Television and Advertisement

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The Effects of Advertising Toward Children and their Family
Gabriela Veloz
UMass Boston

Abstract
The purpose of this paper is to explain the research conducted on the effects of advertising targeted to children. These effects include, but are not limited to obesity, childhood diabetes, materialism and household economics. Information from research shows increases in the amount of time spent watching commercials and the negative health and social effects of this spent time. Ethical issues concerning the influences imposed on children through advertising are also examined as well as parental control.

The Effects of Advertising Toward Children and their Family
Many children spend most of their time watching TV; Advertising companies take advantage of the fact that many kids are glued to the television screen. Children’s exposure to advertising has increased greatly over the years. The national science foundation estimated that children view an average of 40,000 product commercials in the early 1990’s (Kunkel& Grants 1992). This numbers have obviously increased since targeting toward children is greater then before. It is very important that we understand where all the advertising is coming from. Advertisers use television as a tool for attracting buyers through commercials, product placement, food advertising and many more. Families feel the effects of advertising toward children’s and it can produce stress in the household. What are the ethical guidelines when advertising for children?

Television advertisements for children have increased intensely over the years. Since the beginning of advertising kids have always been the easy targets. One way that companies advertise to children is through television commercials. According to Langbourne Rust there are several levels of advertising in commercials. Advertisers use strategies for reinforcing identity through definition ads. For example, show and tell explains how a product and its label that is frequently shown in a TV program will gain the attention of children. Another strategy is personification, which is when children see kids that are the same age in a commercial and they indentify with them. This process creates a connection between the viewer and the actor, and that connection leads to the viewer wanting to have what the actor has. Lastly, the plot pivots strategy, is when characters in a specific show are trying to get a certain product by interacting with other characters. This often includes some kind of dramatic chase or adventure to get the desired product, which then creates a desire in the viewer to obtain the advertised product through any means possible. These are just a few strategies that advertising companies use to persuade children to buy specific products. I think this is morally wrong because advertisers are taking advantage of children that don’t know any better. Children do not have enough experience or exposure in the world to understand the reason why the want en specific product. There is no difference for a child when they are watching an episode of The Flintstones getting into an adventure or when they are watching a commercial where The Flintstones are chasing after Fruity Pebbles.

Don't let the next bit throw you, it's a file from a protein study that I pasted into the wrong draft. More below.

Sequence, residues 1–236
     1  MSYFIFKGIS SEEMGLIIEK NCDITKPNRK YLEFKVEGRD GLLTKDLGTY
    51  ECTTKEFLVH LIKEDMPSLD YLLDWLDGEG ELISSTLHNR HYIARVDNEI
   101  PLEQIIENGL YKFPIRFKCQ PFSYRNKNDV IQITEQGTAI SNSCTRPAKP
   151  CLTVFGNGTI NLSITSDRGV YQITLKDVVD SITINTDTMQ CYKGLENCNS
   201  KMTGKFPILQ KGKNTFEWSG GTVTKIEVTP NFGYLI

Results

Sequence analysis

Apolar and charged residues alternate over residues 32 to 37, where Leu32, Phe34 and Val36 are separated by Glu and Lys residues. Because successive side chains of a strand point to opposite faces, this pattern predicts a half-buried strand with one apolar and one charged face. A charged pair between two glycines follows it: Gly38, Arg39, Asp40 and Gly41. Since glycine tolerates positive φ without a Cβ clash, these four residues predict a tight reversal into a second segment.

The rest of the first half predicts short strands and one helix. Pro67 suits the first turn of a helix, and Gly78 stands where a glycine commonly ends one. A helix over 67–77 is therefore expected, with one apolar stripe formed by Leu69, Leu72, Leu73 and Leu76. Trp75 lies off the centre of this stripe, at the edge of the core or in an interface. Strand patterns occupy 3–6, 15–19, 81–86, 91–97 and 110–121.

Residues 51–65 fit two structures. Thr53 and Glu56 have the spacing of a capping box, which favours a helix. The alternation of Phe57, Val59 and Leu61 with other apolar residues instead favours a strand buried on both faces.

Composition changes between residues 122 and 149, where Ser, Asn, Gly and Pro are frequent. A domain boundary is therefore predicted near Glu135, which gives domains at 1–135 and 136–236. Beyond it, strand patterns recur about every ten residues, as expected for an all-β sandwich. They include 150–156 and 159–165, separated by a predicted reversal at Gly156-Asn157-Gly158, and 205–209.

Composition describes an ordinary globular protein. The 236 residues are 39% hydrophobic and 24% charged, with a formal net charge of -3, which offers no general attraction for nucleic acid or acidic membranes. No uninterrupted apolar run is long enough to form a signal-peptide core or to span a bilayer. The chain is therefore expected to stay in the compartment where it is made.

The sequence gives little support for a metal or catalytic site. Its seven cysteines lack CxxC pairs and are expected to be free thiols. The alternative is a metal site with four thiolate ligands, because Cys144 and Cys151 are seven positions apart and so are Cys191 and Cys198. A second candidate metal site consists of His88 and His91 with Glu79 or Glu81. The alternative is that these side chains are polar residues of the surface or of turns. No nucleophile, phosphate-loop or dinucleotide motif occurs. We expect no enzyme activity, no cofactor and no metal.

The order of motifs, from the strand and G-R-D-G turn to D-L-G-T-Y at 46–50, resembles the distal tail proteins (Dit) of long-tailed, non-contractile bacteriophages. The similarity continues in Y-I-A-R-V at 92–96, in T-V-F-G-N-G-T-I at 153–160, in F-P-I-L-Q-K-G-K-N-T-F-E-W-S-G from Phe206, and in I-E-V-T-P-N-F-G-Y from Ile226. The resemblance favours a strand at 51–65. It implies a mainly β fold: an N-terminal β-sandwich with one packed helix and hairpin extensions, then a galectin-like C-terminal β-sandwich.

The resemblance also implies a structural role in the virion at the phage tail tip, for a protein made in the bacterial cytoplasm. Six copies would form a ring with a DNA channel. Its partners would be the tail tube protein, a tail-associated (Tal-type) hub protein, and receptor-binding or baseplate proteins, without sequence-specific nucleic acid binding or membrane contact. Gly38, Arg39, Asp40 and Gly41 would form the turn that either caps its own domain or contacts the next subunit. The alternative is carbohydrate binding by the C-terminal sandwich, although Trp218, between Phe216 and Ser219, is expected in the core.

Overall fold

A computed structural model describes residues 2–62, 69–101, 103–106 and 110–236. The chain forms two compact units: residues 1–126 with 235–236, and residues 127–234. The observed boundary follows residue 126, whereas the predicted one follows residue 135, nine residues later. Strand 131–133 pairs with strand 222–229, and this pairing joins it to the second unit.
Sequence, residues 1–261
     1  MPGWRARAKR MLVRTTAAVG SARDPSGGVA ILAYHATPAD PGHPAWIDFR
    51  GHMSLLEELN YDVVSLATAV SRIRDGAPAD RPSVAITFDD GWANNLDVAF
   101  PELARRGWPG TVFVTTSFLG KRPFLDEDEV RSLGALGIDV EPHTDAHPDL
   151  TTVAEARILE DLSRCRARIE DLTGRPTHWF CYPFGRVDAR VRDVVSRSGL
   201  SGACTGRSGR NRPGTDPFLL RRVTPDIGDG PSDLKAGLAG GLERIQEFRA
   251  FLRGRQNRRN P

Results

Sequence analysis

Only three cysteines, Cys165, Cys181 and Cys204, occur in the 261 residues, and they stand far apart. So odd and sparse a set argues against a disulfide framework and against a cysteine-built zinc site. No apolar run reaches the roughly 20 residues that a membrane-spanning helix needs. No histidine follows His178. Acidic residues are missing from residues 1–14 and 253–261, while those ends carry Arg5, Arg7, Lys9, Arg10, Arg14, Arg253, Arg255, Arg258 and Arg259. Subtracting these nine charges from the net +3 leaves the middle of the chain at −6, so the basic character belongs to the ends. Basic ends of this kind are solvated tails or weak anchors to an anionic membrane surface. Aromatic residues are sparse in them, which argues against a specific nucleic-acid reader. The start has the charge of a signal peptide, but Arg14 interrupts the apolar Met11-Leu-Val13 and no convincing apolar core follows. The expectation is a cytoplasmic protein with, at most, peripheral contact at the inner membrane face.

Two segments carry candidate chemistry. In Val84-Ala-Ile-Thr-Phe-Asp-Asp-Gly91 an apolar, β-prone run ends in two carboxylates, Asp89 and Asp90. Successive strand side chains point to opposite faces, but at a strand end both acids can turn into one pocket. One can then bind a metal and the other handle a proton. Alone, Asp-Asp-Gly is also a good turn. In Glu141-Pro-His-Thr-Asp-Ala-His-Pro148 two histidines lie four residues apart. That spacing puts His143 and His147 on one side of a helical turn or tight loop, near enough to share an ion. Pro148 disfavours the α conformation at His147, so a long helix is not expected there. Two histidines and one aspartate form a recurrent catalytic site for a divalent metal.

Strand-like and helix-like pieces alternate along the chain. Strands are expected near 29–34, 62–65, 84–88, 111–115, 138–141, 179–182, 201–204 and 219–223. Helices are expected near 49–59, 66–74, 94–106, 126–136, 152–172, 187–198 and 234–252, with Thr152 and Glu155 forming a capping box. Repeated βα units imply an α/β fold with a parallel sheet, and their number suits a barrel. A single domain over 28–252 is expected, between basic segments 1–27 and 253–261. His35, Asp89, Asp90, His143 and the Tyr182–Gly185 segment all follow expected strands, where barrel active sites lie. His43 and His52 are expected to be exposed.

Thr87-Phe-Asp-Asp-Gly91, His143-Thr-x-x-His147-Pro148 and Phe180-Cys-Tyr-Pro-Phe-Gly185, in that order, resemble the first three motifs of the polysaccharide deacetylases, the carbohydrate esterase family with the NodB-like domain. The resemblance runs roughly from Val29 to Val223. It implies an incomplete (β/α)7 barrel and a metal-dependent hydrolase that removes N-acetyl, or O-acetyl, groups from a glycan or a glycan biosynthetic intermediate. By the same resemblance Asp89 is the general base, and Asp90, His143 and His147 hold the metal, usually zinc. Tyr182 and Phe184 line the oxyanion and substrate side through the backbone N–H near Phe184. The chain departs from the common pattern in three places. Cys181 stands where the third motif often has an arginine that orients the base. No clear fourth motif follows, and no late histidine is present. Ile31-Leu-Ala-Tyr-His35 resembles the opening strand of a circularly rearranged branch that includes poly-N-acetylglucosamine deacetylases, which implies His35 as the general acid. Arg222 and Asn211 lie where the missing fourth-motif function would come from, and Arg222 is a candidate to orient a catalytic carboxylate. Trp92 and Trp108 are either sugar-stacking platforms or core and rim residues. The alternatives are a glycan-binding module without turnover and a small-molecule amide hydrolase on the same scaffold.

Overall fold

Most kids plug into the world of television long before they enter school. It is very important to understand that the first two years of a baby’s life is a critical time for brain development. In these two years if babies are exposed to TV this might get in the way of exploring, playing and interacting with others. According to the National Science foundation children viewed an average of 40,000 commercial per year (singer 2004 page 376) The following average was estimated in the 1990’s. The level of commercial advertising is lower on children’s program compared to other TV programs. There are still a few programs that are commercial-free, for example; PBS children’s programs are good because they focus more on education for the kids....
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